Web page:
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03/26/10

Permalink 11:37:45 pm, by Skillachi
Categories: Sports, Commentary

Valencia makes ties with the JFF

To be honest Jamaica doesn't have much of a world renowned football program. We dont have the football heritage of countries like Brazil, Argentina, England etc., and the first (and last) time we managed to qualify for a World cup was nearly a decade ago. Even though it seemed like since then we have produced a fairly high caliber set of footballers individually, we still have not managed to truly field a top class football team. However I would guess that this is truly about to change, as Spanish giants Valencia FC is set to partner with the JFF to use Jamaica as a source of talent in its teams.

For those readers who are not in the know about who this Valencia FC is, its a Spanish Premier League (La Liga) Football club. However just because it is not named Barcelona or Real Madrid doesn't in anyway mean that this club is a lesser club, no instead think of Valencia as one of the biggest football clubs in Spain. So big in fact that they have been consistently placing in the top 10 in La Liga since the year 2000, and has even won the league 6 times, most recently being the 2001-2002, and 2003-2004 seasons, and has also taken up the Copa Del Rey in the 2007-2008 season as well. They have never taken the UEFA champions league trophy but they have gone so far as to reach the finals as recently as 2001. So in essence you can see that this is definitely a major opportunity for Jamaican football.

One may ask what exactly this deal entails, the answer is that Jamaican football, meaning the entire Digicel Premier league and all the super leagues, the manning cup and even the minor leagues will now act as a feeding ground for Valencia FC. Not just in the sense of footballers though, there will also be coaches who will benefit from this move. To quote the article:

"Valencia is developing an academy because of the economic problem in Europe, so Valencia is using Jamaica as a feeding programme," he explained. Burrell chipped in: "We spoke about that in length. Once the talent is found here they would do everything to have that person in Valencia." The youth training camp will begin this Saturday with five Spanish coaches conducting procedures alongside Jamaica's Andre Virtue at Sabina Park. Approximately 100 Jamaican youngsters between the ages of 12 and 18, and 50 local coaches, will get an opportunity at the Next Generation Pro Baller Camp. Once that is finished on Thursday, three players will be identified and will earn the chance to attend a club camp with Valencia from June 27 to July 3.

So in the end, what effects can we expect from this partnership?

1) More Professional level footballers - Jamaica has good footballers but they rarely show the class and dedication that professional footballers have to show. A move like this will expose Jamaicans to the international standards require to become better football players.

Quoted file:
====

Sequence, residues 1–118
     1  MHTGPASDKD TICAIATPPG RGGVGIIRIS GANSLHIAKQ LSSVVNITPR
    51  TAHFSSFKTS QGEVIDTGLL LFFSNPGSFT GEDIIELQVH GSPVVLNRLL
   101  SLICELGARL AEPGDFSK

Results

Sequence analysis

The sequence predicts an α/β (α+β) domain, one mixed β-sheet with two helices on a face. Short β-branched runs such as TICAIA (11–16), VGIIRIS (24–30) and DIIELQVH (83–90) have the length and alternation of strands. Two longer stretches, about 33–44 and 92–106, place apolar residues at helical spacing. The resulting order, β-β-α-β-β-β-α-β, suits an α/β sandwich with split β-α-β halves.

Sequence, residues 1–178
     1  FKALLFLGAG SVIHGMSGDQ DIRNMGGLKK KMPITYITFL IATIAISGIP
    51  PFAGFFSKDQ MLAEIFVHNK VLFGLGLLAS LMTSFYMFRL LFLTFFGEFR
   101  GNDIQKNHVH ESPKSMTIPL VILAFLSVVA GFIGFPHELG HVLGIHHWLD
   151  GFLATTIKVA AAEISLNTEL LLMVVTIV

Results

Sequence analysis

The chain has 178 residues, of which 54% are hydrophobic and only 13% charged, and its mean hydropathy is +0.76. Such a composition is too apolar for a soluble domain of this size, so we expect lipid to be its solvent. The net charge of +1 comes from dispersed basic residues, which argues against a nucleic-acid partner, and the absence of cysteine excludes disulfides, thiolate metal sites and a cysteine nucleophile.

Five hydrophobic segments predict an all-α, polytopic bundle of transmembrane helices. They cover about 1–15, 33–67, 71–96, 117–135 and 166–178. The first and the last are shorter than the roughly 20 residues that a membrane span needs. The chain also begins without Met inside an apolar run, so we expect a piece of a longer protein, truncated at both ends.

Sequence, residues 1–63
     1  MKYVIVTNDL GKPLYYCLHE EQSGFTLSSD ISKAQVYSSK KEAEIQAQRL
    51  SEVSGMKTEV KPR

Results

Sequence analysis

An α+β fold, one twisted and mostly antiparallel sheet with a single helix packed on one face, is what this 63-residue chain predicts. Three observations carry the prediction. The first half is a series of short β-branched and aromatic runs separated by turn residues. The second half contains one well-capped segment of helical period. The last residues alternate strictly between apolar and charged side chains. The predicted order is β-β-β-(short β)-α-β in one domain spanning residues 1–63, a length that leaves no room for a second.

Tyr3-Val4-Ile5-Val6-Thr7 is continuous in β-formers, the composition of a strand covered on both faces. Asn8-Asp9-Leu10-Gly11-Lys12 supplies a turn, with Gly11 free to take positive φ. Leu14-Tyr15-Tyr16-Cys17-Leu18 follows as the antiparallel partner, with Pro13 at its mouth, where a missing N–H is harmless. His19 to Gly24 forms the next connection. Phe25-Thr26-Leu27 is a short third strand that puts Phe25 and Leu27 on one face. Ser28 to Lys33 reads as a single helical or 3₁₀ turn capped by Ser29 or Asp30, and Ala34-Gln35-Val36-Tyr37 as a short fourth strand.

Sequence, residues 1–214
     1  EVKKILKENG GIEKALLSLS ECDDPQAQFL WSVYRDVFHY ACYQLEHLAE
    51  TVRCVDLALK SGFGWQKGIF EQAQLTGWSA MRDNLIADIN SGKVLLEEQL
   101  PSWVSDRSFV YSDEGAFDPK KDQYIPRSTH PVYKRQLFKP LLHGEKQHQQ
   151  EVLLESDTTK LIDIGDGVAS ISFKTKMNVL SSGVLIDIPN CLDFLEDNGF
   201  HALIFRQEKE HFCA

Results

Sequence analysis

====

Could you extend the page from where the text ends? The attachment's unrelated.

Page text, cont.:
2) More Professional level coaches - We have constantly seen the need for coaches who are professionally trained and able to perform in a multitude of situations with a multitude of solutions. This will aid us in getting there

3) More exposure - As Jamaican football continues to rise to higher heights, it would be better for us as a country if we gain an avenue to show off our talent. Our local premier league does not gain the levels of exposure that La Liga gets and this can only mean that more and more people will begin to come to Jamaica in search of talent.

4) World cup 2014? 2018? - Ok this one may not actually work out, but it is a good thought.

The article even quoted the possibility of a Jamaica vs Spain match... which would probably end up with Jamaica getting the beating of a lifetime, but would still help us gain exposure.

All in all though this is an excellent move for Jamaica football and as long as we continue to form partnerships as this, our sports culture will continue to grow with the talent that we have available.

Permalink 04:03:46 pm, by Skillachi
Categories: Education, Commentary, News

Dr. Cecile Walden Lauded

I have for a long time believed that, our community leaders who have made a great impact on the country and the community should be rewarded not when they have left us and can no longer accept the award, but while they are still able to keep helping their community and are able to appreciate the awards they have gotten. This is not to say that everybody who has ever planted a tree deserves an award, but certainly those few people who's contributions have been immeasureable certainly need to be recognized. It is for this reason that I can say that I was very pleased with the decision of Sam Sharpe Teachers' College to have an appreciation ceremony for the woman who has served as principal of the college for the better part of a quarter of a century and as an educator for 41 years, this woman is Dr. Cecile Walden.

Dr. Cecile Walden**Taken from the Jamaica Gleaner